The Glitch Mob
With Com Truise and Phantogram
Revolution, Fort Lauderdale
Tuesday, July 12, 2011
Better Than: Waiting until Langerado to see the headliners
If you could bottle up and sell a drug-free psychedelic experience, a Glitch Mob show dose would be pricey and worth every penny. The electronic act's headlining show at Revolution last night was a loopy, heady trip through light and sound that never got boring.
That's despite the lack of usual band-style tricks like, you know,
singers and instruments. Rather, the Los Angeles-based trio has created
an entire audio-visual show through clever lighting, staging, and yes,
an electronic form of live performance, that packs an emotional wallop
and keeps its set humming from start to finish.
It's the kind of clever performance design that opener Com Truise should probably study. The one-man act, born Seth Haley, gave the only performance of the evening that really failed to ignite the room. His brand of downtempo, ice-cold, almost New Romantic electronic music sounds dreamy amplified live. The effect was the same as just listening to it on an iPod, though.
Haley spent his entire set basically clicking laptop buttons and tapping away on his (enviable!) Cat synthesizer, and when the lighting went dark on him halfway through the set, it didn't really matter. Perhaps in the future, Haley should take a page from Ernest Greene's Washed Out book, and beef up his theater shows with extra musicians for interest.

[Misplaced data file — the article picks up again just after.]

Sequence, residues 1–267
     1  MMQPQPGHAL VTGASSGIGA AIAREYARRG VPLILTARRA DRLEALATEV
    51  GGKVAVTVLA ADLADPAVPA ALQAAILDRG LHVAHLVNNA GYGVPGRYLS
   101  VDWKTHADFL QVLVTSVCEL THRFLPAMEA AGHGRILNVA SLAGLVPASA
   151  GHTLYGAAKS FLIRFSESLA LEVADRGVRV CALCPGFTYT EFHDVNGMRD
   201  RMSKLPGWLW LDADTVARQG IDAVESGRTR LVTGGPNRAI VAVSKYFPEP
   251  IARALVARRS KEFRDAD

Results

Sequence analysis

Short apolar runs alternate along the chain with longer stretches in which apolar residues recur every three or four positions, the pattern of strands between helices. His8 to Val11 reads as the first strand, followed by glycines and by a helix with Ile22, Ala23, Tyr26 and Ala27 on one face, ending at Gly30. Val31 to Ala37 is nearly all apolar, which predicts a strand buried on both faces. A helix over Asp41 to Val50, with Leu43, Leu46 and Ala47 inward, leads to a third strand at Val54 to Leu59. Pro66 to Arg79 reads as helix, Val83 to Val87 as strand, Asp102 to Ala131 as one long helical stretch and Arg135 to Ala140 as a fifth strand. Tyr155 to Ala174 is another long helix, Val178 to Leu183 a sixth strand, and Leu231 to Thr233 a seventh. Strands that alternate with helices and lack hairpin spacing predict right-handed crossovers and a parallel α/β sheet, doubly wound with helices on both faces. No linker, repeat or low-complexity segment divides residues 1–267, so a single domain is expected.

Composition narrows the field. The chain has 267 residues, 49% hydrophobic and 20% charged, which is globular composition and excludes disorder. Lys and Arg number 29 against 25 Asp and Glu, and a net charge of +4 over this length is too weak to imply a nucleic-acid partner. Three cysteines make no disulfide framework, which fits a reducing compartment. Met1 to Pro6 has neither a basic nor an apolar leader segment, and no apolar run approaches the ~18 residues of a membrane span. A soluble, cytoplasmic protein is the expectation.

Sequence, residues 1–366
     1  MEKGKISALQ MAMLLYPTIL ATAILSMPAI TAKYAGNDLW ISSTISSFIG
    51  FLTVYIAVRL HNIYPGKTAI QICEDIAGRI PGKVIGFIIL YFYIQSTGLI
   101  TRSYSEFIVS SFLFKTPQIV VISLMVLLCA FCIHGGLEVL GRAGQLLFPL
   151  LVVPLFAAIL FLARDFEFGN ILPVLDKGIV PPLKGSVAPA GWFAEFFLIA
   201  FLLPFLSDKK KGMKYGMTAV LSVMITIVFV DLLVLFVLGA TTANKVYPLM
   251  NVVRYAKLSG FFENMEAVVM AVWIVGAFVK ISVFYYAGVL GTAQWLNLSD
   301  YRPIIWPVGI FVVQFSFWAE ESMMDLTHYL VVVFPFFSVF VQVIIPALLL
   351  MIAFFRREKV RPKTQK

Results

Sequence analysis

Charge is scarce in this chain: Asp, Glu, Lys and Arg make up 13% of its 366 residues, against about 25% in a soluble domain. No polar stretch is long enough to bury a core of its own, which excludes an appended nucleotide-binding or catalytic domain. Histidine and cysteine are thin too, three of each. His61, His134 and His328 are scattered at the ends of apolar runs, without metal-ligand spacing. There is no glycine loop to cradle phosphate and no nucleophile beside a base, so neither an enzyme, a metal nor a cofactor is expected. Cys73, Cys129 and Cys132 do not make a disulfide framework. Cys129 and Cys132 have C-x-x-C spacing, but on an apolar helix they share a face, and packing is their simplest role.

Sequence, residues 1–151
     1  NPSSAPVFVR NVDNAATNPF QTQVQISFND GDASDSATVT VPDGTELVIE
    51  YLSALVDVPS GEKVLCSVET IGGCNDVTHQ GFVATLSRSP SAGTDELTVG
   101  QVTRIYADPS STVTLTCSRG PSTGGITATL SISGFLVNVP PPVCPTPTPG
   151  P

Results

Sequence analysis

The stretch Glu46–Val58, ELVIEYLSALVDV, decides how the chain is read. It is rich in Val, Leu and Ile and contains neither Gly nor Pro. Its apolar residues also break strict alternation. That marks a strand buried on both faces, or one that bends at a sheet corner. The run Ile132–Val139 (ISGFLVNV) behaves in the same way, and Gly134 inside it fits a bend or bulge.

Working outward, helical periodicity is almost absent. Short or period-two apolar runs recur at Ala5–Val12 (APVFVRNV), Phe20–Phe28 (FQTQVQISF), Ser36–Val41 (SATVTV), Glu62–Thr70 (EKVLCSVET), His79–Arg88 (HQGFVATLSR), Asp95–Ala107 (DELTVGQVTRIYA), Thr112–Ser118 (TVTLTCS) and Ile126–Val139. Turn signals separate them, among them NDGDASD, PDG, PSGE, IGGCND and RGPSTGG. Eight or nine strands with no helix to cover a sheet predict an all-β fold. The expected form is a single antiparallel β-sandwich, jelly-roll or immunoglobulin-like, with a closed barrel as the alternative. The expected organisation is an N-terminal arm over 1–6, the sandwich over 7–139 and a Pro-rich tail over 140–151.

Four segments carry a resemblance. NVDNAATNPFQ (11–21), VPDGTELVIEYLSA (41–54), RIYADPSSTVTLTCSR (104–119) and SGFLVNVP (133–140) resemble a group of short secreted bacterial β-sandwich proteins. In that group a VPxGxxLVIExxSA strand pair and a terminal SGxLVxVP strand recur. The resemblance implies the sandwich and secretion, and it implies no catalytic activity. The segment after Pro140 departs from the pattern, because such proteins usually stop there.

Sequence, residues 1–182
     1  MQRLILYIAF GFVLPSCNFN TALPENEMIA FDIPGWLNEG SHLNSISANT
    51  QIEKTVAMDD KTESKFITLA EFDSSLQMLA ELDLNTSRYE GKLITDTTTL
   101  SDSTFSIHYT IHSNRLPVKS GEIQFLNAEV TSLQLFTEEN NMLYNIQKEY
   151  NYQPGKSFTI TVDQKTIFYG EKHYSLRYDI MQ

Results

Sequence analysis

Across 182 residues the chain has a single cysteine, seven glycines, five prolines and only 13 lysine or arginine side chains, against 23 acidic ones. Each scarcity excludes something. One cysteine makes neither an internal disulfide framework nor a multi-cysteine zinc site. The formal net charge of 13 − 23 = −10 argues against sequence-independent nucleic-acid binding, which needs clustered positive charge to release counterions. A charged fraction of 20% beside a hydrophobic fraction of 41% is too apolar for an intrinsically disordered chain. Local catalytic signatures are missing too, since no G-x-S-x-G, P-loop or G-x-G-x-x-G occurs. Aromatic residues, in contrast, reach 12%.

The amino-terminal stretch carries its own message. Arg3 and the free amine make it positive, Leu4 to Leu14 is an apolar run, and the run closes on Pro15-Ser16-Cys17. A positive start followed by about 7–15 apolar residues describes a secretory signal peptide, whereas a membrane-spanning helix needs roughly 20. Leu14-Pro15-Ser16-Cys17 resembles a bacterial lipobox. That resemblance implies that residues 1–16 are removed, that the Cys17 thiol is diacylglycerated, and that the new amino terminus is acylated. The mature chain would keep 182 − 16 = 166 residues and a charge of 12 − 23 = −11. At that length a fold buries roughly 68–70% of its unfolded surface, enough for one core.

Nonetheless, he was rewarded by a remarkably respectful crowd. Though the audience members didn't seem particularly revved up by Com Truise, they kept their mouths shut and still respectfully clapped after each number in a rare, impressive display of South Floridian show etiquette.
Phantogram, afterwards, fared even better. Though the upstate New York act began as a duo, for this tour, at least, it's added a dedicated drummer and boasts an even warmer, more powerfully room-filling blend of its introspective, airy electro-pop. Live, keyboardist/vocalist Sarah Barthel was cool-girl perfection personified in a creaseless green pencil skirt and a shiny bob haircut that magically always fell back precisely into place.
Meanwhile, Barthel's breathy, ethereal voice recalls such greats like Cocteau Twins' Elisabeth Fraser, and overall, live, the Phantogram effect is one of a 4AD dreamwave band updating its technology. It's sexy without being sexual ... so maybe that's what prompted one female fan to climb a friend's shoulders and flash the band.
Wait, what? Yes, this was a markedly enthusiastic crowd. So if shirts were coming off during a band as buttoned-up as Phantogram, it's not surprising that the moment the Glitch Mob went on, at precisely 11:15 p.m., that the light toy-wielding party people in the crowd proceeded to lose. Their. Shit.
It helped, of course, that the group's new stage setup famously boasts design by Martin Phillips and John McGuire, a.k.a. the guys who did Daft Punk's and then Kanye West's most famous pyramid-style lighting. Though this tour brings the group to smaller venues than those in which the designers usually work, their creation is no less dramatic.